Why We’re All Smell The Same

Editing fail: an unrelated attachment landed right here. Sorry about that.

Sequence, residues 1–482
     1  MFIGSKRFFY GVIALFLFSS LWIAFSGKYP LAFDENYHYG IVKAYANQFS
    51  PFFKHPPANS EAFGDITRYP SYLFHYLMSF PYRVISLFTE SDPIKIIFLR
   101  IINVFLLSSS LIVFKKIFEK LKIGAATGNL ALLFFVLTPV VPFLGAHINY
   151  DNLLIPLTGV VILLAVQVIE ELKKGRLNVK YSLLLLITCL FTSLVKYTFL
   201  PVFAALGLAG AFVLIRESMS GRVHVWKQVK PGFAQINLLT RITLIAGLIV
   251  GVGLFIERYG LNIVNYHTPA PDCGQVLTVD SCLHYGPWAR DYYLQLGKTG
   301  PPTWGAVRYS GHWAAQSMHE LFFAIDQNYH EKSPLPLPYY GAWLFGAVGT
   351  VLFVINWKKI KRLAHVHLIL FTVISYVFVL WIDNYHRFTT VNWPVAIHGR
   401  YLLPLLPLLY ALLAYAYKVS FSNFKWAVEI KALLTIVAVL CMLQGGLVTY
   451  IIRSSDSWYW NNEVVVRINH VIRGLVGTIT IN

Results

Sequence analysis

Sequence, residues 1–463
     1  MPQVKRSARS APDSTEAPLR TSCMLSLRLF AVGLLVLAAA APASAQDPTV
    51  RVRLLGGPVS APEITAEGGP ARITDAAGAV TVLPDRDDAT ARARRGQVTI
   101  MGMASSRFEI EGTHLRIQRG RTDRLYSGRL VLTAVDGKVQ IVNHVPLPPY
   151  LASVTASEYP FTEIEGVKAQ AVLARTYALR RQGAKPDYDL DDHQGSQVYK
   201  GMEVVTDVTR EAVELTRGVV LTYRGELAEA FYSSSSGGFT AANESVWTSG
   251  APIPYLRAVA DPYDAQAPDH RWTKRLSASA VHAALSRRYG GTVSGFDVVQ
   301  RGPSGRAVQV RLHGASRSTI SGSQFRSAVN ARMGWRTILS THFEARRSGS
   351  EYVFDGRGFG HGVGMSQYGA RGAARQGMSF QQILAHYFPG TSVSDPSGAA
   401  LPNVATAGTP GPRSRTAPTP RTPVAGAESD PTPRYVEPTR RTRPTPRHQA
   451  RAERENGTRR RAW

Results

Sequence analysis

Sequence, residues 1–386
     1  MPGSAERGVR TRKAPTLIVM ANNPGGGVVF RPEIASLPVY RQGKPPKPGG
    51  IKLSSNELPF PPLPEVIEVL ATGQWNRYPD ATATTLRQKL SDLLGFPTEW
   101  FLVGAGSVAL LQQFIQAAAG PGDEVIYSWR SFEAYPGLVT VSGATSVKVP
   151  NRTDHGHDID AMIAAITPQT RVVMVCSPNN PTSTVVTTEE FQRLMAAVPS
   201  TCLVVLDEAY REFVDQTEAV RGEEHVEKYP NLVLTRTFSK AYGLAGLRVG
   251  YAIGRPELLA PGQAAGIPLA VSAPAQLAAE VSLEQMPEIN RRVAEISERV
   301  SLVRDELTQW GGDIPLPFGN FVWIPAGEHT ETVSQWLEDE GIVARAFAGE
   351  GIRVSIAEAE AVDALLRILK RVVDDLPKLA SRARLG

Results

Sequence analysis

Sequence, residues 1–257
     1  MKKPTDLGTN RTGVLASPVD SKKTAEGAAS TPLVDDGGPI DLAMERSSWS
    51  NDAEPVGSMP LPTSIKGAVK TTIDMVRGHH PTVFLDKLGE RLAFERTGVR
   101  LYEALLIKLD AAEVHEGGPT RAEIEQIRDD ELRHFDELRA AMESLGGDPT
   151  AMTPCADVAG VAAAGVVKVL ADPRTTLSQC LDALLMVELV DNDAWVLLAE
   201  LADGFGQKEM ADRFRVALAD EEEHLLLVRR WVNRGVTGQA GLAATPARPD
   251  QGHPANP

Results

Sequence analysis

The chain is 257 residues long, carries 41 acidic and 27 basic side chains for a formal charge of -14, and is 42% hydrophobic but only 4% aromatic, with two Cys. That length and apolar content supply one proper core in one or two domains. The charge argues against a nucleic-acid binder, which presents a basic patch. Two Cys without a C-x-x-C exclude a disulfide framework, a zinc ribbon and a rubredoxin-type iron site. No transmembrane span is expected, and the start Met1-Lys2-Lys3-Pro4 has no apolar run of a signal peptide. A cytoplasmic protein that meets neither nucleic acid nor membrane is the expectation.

Though a limited few might’ve been able to actually catch a whiff of whatever we were wearing, on daily walks or trips to the grocery store, perfume still held value for some people. Rachel Herz, PhD, is Brown University adjunct professor and neuroscientist who specialises in the psychological science of smell. She recently told R29 that fragrance and mood are connected, and that scent can immediately trigger emotions and memories, evoking things like positive experiences and loved ones. For others, there might not have been much reason to wear perfume during the darkest days of the pandemic, but with the world opening back up again, it’s clear we’re gravitating back to scent in droves — a select few luxe versions in particular. Coty pinpointed the TikTok-famous Gucci Flora and equally beloved and luxurious Burberry Her (made by perfumer Francis Kurkdjian, the mastermind behind Baccarat Rouge) as recent winners. Like the latest trending accessory, these fragrances convey status. While isolation may still feel very raw, the new opportunity we have to saunter around in a plume of these commanding scents says, “I have arrived.”

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